Charlie was also quick to shoot down the misconception that singer-songwriters go straight for the pen and guitar the moment something bad happens. After being dubbed by TODAY as “The Master of Melancholy”, the Master himself is adamant that there is a difference between writing sad songs and being a sad person. While his personal experiences drive the songs he writes, writing directly after a bad experience, he mused, would result in work that “would be utterly cheesy and terrible”.
“People tend to think that music and songwriting is an emotional crutch — which it is, but it’s a process that is just as tough as going through whatever you’ve gone through before, because you have to revisit everything and dig really deep in order to exorcise the bullshit.”
“Real catharsis is never immediate, nor can it be found in a ritual. You don’t get fixed straight away from one 90-minute session of therapy, and you don’t become a good person just by going to church every Sunday.”
Insular, Bitchy, and Political
Charlie is part of a young music scene that has seen drastic changes in the last few years. The acceptance of local music is growing, and there is much more support provided by various organisations to budding musicians looking to break into the scene, like SGMUSO or Noise Singapore.
But with rapid growth comes a set of issues. Charlie shared his thoughts on Singapore’s music industry, saying that while there is much enthusiasm and goodwill propelling musicians further, it’s hard to battle against systemic problems that Singapore’s music scene was born with. The size of the country, diversity in languages, lack of competition in local media industries, “the lack of exportable culture that isn’t gimmicky” — the list runs on and on, and listing out more, Charlie joked, could easily make him feel jaded.
“I am terrified of the thought of this scene becoming insular, bitchy and political. If we are to grow up, we need to be constantly refreshed by a more international or even regional perspective in order to realise how much harder we need to actually work, and not just depend on government grants and outside help. Basically, we need to work on our own shit. But that takes time, and a lot of effort. Talent can only get you so far.”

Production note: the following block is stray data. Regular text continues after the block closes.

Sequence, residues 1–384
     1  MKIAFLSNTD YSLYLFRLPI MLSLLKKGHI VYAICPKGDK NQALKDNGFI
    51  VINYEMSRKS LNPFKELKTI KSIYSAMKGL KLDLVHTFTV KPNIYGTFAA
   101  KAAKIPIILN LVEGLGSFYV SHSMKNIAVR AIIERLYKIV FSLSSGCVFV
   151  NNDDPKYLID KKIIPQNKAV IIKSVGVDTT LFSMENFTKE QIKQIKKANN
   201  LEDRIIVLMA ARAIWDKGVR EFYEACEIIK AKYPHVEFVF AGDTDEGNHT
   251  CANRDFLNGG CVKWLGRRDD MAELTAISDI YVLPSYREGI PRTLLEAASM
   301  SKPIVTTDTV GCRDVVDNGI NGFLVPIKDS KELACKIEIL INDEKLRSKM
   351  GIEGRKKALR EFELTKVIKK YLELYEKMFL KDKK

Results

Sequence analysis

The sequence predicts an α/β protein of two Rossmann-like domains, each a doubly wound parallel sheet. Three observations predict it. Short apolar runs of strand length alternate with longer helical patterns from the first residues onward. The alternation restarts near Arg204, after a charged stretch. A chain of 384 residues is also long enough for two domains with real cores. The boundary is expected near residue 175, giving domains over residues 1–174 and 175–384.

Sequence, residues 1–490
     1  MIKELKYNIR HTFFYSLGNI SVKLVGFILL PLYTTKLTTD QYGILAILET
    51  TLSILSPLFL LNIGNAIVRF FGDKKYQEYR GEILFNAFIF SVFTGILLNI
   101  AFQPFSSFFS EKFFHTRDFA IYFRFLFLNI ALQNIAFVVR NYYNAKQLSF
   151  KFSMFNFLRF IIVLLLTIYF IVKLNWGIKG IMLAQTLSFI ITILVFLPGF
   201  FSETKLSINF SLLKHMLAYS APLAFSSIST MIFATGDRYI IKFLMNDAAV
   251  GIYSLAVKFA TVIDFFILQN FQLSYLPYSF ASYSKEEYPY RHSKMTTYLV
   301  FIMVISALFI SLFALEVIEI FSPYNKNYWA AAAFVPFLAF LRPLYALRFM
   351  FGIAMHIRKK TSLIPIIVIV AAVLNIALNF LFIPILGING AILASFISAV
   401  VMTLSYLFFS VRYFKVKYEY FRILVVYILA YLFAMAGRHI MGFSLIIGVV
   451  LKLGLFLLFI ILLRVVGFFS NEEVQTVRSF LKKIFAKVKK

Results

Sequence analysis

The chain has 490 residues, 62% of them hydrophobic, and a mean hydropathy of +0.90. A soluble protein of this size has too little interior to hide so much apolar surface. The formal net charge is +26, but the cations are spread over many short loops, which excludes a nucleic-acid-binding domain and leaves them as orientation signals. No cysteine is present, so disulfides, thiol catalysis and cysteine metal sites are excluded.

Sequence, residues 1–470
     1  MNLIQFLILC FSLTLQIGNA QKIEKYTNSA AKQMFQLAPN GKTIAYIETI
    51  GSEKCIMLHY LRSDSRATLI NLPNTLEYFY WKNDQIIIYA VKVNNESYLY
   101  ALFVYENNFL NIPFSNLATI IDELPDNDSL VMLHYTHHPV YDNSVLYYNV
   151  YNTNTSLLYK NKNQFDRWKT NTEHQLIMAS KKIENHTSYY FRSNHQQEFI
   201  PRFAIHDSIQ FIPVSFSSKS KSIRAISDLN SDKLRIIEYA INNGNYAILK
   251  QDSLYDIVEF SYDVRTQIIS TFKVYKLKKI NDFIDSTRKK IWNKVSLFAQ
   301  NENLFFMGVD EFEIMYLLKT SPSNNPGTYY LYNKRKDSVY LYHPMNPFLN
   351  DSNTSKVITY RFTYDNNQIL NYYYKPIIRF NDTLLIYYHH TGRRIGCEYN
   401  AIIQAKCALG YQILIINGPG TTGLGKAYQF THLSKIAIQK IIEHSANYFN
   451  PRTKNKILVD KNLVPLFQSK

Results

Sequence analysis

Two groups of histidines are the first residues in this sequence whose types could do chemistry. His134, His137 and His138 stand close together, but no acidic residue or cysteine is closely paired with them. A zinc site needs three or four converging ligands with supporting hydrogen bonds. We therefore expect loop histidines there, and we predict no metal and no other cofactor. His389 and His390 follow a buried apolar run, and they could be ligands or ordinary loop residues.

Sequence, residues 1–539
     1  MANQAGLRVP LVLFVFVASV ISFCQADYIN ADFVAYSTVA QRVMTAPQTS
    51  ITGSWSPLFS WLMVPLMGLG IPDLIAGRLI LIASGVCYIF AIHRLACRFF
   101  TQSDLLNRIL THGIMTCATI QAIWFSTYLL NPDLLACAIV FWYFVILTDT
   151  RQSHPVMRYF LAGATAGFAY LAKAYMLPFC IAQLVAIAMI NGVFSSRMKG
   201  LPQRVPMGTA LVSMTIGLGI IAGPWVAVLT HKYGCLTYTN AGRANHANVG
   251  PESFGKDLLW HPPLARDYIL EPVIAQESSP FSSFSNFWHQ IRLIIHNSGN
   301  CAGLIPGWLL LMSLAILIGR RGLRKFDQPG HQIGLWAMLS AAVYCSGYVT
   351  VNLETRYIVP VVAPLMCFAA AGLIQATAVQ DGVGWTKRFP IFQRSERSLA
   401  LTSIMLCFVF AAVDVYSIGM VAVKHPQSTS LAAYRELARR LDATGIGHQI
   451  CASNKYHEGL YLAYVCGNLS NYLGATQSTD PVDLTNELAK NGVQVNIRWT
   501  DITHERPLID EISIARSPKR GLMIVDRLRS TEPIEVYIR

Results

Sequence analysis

“I don’t have an answer to how to fix these issues other than just keep doing what I think I’m supposed to be doing, and hopefully set an example by breaking a few stereotypes.”
To Infinity and Beyond
It’s easy to laud a successful artist as a genius, someone who is smarter, better, more gifted than the rest of us. But though that may be true, those accolades will quickly overshadow the time and effort that goes into an album like Time/Space, something that probably deserves more recognition than attribution to mere genius.
“Writing good original music isn’t a fluke — I’ve learnt that even the simplest and most minimalist forms of art require a lot of study and imitation. Yet at the same time, the magic somehow only happens on some kind of subconscious level.”
“The hardest part of this journey was realising that I had to figure it all out for myself, that despite others’ intentions and goodwill there was really no other way in which I could’ve pulled this off other than banging my head against the wall for months at a time before a half-decent song came out.”
While Singapore tries to claim this artist as their own — and with Charlie set to perform at the 2015 SEA Games’ closing ceremony and represent Singapore as he conquers the world — it’s easy to think that we own him and know him, when in truth, we hardly do. He is Singapore’s home-grown talent. He is the musical genius with the sultry voice (without a hint of a Singaporean accent, mind you). He is that dark, melancholic artist in the black singing his sorrows out on stage.
But he is also that guy in the corner of the crowd, bobbing his head to the music. Playing DoTA with his friends. Immersed in his work through the long hours of the night. And after a few years’ of hard work, he’s done it. And this Saturday, he will take to the stage and show Singapore what he’s created.
“It has been quite a gruelling process of self-discovery and re-invention…which I’m hoping will pay off eventually, even though I know the journey never really ends.”
Time/Space by Charlie Lim is now available on iTunes.